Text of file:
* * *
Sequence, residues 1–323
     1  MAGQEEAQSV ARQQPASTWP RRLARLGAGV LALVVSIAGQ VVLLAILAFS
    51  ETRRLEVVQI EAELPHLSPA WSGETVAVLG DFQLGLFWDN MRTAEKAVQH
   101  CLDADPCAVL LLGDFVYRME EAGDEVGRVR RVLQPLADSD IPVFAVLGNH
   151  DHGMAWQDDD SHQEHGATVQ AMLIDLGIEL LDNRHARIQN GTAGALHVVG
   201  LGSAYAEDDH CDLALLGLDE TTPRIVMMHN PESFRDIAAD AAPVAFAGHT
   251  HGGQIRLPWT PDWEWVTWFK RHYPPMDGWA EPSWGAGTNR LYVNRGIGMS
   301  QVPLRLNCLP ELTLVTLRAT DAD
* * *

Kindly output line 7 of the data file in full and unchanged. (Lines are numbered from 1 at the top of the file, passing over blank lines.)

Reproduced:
   251  HGGQIRLPWT PDWEWVTWFK RHYPPMDGWA EPSWGAGTNR LYVNRGIGMS